Oliver Twist by Charles Dickens

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Title: Oliver Twist
Author: Charles Dickens
Published: 1837
Challenges: The Classics Club
Rating: Three and a half out of five
Reread

Synopsis:
The story of an orphan named Oliver, who runs away from his life in the work house and as an apprentice for a coffin maker and escapes to London. It is here that he runs into Fagin and his band of thieves and criminals and reluctantly is drawn into the seedy underworld of London and the lives of villain Bill Sikes, the artful Dodger and the prostitute Nancy. Oliver is not like those that haunt the criminal streets of the city and seems defined to escape this life and live the life of a gentleman.

My Thoughts:
As a child we used to have a VHS that had Oliver and Annie on it and I can remember watching the video on repeat at my aunty’s and singing along to the songs. I loved Oliver and the whole setting of Victorian England and the story stayed ingrained in my mind for years to come. It wasn’t until I was 19/20 that I saw an adaptation of Oliver that changed it from this charming musical romp to a more sinister and dark tale of murder, crime and mystery. It was this TV programme that made me want to read the novel, primarily because of the character Monks who has a mysterious grudge against young Oliver and this is the third time I have read Oliver Twist. This time I did read it for The Classics Club Spin and I think if it wasn’t for this I might not necessarily have picked it up this time round. It’s not that I didn’t enjoy the story, as I did, but I don’t think it was the right book for Christmas time and the chaos that this brings. I found my mind wandering in the middle section of the novel, which was easy to do as I have read it before. I did enjoy the last one hundred pages or so as the narrative unravels and different characters get their comeuppance, although I do good a little whimper when poor Bullseye dies. I’m not denying that Dickens is a fantastic writer or that Oliver Twist doesn’t deserve its place as one of his most famous novels, but I just don’t think it was the right time for me to read it. That being said I do love his depiction of London and the darker side of the city, especially the idea that it really is luck of the draw if you end up destitute on the streets or saved by a kindly benefactor.

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Classics Club March Meme

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The Classics Club monthly meme for March is:

Do you love Jane Austen? Or want to “dig her up and beat her over the skull with her own shin bone?” (Mark Twain quotation)
Why?
Favourite Austen novel and why?

For me this is an easy question. I LOVE AUSTEN!

Austen has been on my radar since my early teens, but I didn’t read any of her novels until my mid/late teens and I didn’t study any of her novels until I was at university. In hindsight all of this was a blessing. It means I didn’t come to Austen with preconceived ideas or memories of drool teachers in stifling classrooms (as an English teacher I am determined to make any novels I teach exciting and engaging!) I came to Austen on my own terms, and yes I didn’t entirely enjoy Pride and Prejudice on first read, but luckily for me I didn’t write Austen off completely.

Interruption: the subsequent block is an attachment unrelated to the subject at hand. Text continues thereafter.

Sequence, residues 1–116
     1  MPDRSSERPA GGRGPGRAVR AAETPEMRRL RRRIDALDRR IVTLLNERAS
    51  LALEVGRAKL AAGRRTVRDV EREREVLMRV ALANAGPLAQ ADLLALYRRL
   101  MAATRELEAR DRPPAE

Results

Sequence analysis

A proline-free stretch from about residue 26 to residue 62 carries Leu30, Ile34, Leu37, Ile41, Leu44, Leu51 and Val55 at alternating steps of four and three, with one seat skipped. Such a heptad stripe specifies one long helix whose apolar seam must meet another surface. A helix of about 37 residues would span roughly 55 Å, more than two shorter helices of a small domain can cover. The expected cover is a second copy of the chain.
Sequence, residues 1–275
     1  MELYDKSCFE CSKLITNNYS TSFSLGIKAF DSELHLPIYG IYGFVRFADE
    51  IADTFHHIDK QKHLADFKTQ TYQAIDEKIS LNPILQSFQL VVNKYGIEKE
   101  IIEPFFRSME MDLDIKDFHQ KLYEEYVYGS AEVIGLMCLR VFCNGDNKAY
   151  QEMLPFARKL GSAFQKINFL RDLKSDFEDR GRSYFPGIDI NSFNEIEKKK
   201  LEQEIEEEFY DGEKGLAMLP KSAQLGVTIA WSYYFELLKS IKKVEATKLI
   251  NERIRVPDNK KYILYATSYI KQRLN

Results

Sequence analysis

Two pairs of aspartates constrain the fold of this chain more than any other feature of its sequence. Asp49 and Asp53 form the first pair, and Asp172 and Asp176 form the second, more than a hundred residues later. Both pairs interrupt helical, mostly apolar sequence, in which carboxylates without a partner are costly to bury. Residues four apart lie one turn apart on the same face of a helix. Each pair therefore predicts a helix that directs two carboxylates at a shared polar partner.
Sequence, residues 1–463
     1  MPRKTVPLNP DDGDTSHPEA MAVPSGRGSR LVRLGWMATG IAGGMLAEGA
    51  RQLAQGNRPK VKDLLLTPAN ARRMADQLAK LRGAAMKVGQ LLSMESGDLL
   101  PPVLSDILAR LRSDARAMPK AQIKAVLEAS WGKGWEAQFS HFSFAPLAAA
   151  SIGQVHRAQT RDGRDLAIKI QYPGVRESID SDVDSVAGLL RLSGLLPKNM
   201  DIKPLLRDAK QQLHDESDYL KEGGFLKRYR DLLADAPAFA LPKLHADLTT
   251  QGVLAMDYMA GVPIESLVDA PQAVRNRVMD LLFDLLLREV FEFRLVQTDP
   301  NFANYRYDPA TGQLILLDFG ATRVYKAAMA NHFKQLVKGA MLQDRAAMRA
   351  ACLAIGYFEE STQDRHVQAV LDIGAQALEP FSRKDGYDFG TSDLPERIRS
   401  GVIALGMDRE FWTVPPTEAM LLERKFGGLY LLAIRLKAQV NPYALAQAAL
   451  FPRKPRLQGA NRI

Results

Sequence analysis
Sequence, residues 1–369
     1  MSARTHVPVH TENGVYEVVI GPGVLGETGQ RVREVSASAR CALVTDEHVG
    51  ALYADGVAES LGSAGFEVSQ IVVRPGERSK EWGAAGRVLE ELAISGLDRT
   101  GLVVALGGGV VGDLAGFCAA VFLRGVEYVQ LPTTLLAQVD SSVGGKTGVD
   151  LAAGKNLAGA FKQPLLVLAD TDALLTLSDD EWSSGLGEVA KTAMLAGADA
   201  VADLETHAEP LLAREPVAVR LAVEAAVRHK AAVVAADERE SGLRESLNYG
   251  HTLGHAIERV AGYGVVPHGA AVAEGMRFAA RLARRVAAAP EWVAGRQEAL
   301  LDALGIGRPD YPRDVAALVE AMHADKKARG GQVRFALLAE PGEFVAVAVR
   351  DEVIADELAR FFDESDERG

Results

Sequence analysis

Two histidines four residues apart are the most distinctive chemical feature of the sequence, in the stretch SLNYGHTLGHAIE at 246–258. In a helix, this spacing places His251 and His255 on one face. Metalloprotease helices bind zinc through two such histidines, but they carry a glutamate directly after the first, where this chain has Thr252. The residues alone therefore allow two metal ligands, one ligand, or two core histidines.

Since then I have read all of Austen’s novels and seen many TV and film adaptations and my love has only grown. Part of the reason I enjoy her novels stems from the witty language used throughout and the beautiful descriptions of each and every character. Yes, some of the characters grate on my nerves *cough* Lydia Bennett *cough* but they only add to the pleasure I derive from my read; don’t we all enjoy a great love/hate relationship with certain characters. The insightful depictions of family relationships and the trials and celebrations that come from these, as well as the closeness and the bond between sisters in the novels (not all) are one of the reasons her novels, for me, remain timeless.

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Arguably the most obvious reason Austen remains a well loved and prominent literary figure stems from the romantic attachments of her heroines. From Lizzie to Darcy, Emma to Mr Knightley, we can always expect a joyous romantic ending to an Austen novel. However, for some it is not the romance the endures, but the one that flashes by, that makes Austen novels a pleasure to read. A sentiment that leads me perfectly into my favourite Austen novel.

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Sense and Sensibility is my favourite Austen novel: I love the relationship between Elinor and Marianne and how their differences compliment one another and show up the flaws in the other’s personalities. For me it is the dastardly Mr Willoughby that earns this novel a special place in my heart. I do love a good villain. I find the confusion surrounding Elinor and Edward and their love for one another a fascinating storyline that still resonates with modern life.

And I don’t just love Austen for the novels. As mentioned there have been hundreds of TV and film adaptations of all Austen novels, as well as countless portrayals of her life, and it is through these that a share a special bond with my mum. She never seems to have time for reading (a truly shocking thought) however she does enjoy period dramas and it is Austen who holds the crown in this arena. You can’t beat a fantastic Austen adaptation: the beautiful buildings, enduring love stories and, of course, the ever present pianoforte!

Oh I have a yearning for an Austen-feat now!